Almost four years after its initial debut, I have finally downloaded The Sims 4. The additional expansions offered for The Sims 4 have not, until this point, been enough to get me to move on from The Sims 3, but with the promise of legacy content in the recent release of the Seasons expansion, I figured now was a good time to jump in. In the past, especially in The Sims 3, expansions transformed the entire game into a new experience. The overwhelming amount of additional post release and in-store content for The Sims meant there are lots of conflicting features to keep you busy if you get bored. It’s a huge part of the appeal—the ability to live out real world fantasies in a virtual setting free of logistic limitations. But what happens when an expansion stands alone on its own feet? Does it hold up? Are there are actually enough features there to justify the price?
This is the third time Seasons has made an appearance in The Sims; the first, in The Sims 2, added gardening to the game, changing the series forever. I no longer remember a time when I wasn’t carefully planting crops and making recipes with my own vegetables, or supplementing my Sims’ income by selling what I grew. It was especially rewarding in The Sims 3, with my Master Chef aspirations, which allowed me to live out my real world passion of cooking with my own produce. It makes sense that I didn’t pay attention to The Sims 4 until Seasons was announced, because frankly, I refuse to play it without the gardening feature. To say it is essential to The Sims is an understatement.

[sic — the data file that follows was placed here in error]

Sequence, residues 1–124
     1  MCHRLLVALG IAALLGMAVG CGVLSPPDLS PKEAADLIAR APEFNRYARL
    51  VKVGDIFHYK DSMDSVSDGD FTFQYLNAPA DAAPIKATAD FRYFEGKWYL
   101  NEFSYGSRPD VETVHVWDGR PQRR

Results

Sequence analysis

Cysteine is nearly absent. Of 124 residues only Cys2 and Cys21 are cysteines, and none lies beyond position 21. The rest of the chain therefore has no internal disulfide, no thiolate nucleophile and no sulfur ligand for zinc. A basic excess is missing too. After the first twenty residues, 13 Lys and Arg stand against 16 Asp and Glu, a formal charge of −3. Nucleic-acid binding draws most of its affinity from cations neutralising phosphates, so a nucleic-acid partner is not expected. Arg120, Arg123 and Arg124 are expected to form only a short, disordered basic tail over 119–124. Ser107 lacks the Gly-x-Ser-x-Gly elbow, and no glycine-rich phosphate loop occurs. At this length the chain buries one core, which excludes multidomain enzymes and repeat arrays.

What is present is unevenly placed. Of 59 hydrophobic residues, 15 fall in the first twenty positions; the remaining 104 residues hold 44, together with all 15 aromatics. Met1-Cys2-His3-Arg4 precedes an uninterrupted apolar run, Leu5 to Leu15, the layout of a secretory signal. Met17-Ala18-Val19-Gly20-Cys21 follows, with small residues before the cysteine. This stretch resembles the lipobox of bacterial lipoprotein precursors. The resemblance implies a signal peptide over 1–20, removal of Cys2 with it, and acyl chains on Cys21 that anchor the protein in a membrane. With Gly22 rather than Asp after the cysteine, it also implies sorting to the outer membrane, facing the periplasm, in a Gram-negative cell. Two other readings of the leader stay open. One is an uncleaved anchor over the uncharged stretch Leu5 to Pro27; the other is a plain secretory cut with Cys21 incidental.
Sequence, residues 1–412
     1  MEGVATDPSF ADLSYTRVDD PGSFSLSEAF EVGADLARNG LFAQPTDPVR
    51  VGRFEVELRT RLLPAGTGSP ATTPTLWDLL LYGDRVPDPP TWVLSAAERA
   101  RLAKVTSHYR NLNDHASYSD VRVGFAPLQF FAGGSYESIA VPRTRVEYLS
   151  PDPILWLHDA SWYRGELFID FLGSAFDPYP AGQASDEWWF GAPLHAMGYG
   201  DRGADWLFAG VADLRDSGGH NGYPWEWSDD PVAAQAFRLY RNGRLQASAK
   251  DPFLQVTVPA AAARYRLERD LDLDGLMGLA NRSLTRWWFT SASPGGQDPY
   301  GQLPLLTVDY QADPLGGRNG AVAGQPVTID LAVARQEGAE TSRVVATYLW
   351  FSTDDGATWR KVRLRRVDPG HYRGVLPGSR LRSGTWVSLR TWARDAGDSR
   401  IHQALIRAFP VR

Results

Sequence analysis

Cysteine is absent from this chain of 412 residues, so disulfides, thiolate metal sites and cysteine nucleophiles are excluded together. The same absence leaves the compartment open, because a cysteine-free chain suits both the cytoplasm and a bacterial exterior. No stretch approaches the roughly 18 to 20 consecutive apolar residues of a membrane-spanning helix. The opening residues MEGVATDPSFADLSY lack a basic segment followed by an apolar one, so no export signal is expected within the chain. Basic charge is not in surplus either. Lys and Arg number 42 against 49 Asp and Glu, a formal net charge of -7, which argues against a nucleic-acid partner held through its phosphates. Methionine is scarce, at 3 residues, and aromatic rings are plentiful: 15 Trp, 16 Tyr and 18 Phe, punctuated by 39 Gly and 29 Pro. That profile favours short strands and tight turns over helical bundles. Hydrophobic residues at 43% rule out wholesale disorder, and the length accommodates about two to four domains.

With Seasons, the gardening system comes with a few upgrades. You can now look at the plant’s description as it grows to check that it’s in season. As with previous installments, the weather of whatever season you’re in will affect growth rates, and you can water and weed and fertilize with a variety of plants and fish. Also available now is the profession of Botanist, which allows you to study the crops for more information as you go, and Florist, which lets your Sim learn how to arrange and sell bouquets from flowers grown in the garden.
As for the weather features, it’s definitely nice to have rain or snow or sunny days, in that they give your Sim different obstacles and moods to attend to as they go about their day. The special holidays, though, without the other expansion content (and especially early in the game) feel lonely, even hollow, as if your Sim is going through the motions. The timing of the holidays makes them also feel almost as though they’re on top of one another. In the future I might extend the length of each season, so it doesn’t feel like an entire year happens in a month.
While the base Seasons experience hasn’t been improved or built upon too much, I did enjoy some of the novelties that are specific to the expansion. For example, once I realized that the game’s fictionalized take on Santa Claus, dressed in a pseudo-Saint Nicolas style suit, makes house calls on “Winterfest” night, I decided to seduce him and see if I could get pregnant. Not only did I succeed, making Santa Claus my Sims’ first kiss and first WooHoo, I found out he’s a bit of a deadbeat. While the guy I was dating came over the day after I gave birth to helpfully wash all the dishes and change diapers, Santa has only visited once, playing videogames for 5 hours and leaving a tea cup on the floor. After that I asked the other dude to move in, because if I’ve learned anything from rom coms, it’s that you always wind up with the guy who was there for you without even asking.